Thursday, June 19, 2014
A tremendous source of inspiration in our writing comes from our feelings. Especially those that are highly charged, both positive and negative.
I just returned from the SCBWI Orlando 2014 Conference and feel so pumped up after seeing my friends and learning so many new techniques as well as being inspired by the synergy that happens when so many creative and talented people come together.
Some great questions I came away with to improve my writing are:
Can I cut it?
Should I move this?
If you are asking, the answer is yes!
Marjetta Geerling, instructor of the Saturday Novel Workshop and author of FANCY WHITE TRASH, said that if you have a question about your writing, then you are already aware it is a problem and can usually answer with, Yes.
Wendy Loggia (Delacorte Press), read first pages and also shared some confidential first pages of her forthcoming books and instructed us in pacing and how to start a story with a great hook.
Tired old beginnings include:
Starting with a dream. (Snore)
Starting with a move.
Starting on an airplane.
Starting your story on the first day of school.
Wendy challenged us to come up with a fresh new place to start. One exception: Waking up dead at the mall. this was done in such a fresh new way, it conquered the rules and is a forthcoming book from Delacorte Press, I WOKE UP DEAD AT THE MALL/SHEEHAN. It sounds charming, with the exception of the dead part, but definitely a good hook and makes me want to read more to find out what happened to her.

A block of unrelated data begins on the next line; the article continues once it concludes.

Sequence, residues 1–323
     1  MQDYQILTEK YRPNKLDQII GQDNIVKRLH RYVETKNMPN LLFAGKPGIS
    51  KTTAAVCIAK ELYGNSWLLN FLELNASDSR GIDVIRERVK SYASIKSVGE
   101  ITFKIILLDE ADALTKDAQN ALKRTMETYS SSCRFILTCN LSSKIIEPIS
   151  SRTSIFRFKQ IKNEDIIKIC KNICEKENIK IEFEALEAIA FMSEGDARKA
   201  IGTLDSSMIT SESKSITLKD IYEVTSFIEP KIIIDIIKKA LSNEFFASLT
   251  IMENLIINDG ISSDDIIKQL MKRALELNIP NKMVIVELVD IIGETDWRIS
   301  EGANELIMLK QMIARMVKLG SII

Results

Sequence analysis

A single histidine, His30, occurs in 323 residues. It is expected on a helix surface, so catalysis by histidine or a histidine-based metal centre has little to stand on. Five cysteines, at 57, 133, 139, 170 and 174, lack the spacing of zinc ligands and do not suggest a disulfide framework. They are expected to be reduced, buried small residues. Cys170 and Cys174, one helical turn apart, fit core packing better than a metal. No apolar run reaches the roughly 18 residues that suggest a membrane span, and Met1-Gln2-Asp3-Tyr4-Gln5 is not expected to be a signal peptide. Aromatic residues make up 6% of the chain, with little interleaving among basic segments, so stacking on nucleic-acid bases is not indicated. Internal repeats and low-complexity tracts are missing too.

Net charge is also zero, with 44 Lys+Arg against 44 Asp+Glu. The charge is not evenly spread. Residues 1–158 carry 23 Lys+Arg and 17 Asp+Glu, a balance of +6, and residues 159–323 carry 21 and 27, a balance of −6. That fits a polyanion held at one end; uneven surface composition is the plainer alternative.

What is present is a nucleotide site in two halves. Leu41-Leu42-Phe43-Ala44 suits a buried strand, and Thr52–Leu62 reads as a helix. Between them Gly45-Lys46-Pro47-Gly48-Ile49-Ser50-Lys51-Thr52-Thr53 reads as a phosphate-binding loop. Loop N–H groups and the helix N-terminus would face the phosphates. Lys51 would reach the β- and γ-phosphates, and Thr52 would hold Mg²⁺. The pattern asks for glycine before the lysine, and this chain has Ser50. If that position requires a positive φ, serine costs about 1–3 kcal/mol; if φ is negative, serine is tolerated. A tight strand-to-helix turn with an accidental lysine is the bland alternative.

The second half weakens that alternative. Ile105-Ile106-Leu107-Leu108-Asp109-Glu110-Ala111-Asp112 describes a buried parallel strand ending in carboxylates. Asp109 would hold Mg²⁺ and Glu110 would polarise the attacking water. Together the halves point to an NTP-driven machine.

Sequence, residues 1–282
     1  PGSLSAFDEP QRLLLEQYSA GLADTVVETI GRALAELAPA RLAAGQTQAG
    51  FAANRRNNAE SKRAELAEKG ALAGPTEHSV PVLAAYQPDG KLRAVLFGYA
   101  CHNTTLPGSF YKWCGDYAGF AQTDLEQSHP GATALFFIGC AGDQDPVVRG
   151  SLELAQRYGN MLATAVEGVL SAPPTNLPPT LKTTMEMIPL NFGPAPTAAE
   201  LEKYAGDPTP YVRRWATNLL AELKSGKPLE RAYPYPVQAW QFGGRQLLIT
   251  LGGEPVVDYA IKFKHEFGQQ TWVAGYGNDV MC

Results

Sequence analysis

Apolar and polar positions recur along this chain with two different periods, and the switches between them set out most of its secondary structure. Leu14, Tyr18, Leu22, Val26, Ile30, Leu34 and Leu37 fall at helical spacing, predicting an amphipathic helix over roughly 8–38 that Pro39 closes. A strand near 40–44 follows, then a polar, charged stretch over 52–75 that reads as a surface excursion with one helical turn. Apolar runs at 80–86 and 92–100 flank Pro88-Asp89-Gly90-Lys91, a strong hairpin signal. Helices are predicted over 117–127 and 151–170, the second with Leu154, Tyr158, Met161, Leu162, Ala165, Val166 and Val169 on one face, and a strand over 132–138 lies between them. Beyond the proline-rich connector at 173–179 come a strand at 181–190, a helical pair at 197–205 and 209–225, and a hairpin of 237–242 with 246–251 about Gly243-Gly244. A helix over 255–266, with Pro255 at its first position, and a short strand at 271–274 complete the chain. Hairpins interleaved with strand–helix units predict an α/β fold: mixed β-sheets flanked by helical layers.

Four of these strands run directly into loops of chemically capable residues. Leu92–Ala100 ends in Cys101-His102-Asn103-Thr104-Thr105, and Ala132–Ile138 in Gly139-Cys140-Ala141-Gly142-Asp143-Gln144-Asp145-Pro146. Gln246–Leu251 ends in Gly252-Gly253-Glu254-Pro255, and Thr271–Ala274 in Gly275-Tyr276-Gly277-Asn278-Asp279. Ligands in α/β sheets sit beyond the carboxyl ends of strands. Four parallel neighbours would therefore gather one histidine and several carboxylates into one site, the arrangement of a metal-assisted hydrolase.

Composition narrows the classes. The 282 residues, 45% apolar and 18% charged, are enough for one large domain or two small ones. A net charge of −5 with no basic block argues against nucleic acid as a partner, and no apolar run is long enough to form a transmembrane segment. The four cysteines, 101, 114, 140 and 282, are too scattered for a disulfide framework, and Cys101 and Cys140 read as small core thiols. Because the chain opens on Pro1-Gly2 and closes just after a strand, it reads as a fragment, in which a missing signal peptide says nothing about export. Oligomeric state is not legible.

So now I'm off to make my novel tighter and fresher. Revisions are my favorite! It's much more fun to squeeze clay than to throw ingredients into a bowl.
The delete key is more effective than adding words. How tight can you make it?
Sunday, May 4, 2014
I'd also like to invite you to add a comment letting me know if you've ever faced The Block and what helps you move past it.
Your responses are very helpful! I'd love to hear from you!
Tuesday, April 29, 2014
Licensed Clinical Social Worker
Licensed Professional Counselor
Licensed Mental Health Counselor
Licensed Marriage and Family Therapist
With so many 'ists,' do you know who is who?
I hope the following will give you more clarity when you are creating scenes with mental health professionals in your manuscripts.
Clinical Psychologist: A professional specializing in diagnosing and treating diseases of the brain, emotional disturbances, and behavior problems. Psychologists use talk therapy and can administer psychological tests. Psychologists have doctoral degrees such as Ph.D. (Doctor of Philosophy) or Psy.D. (Doctor of Psychology). They may have additional training in specific specializations as well.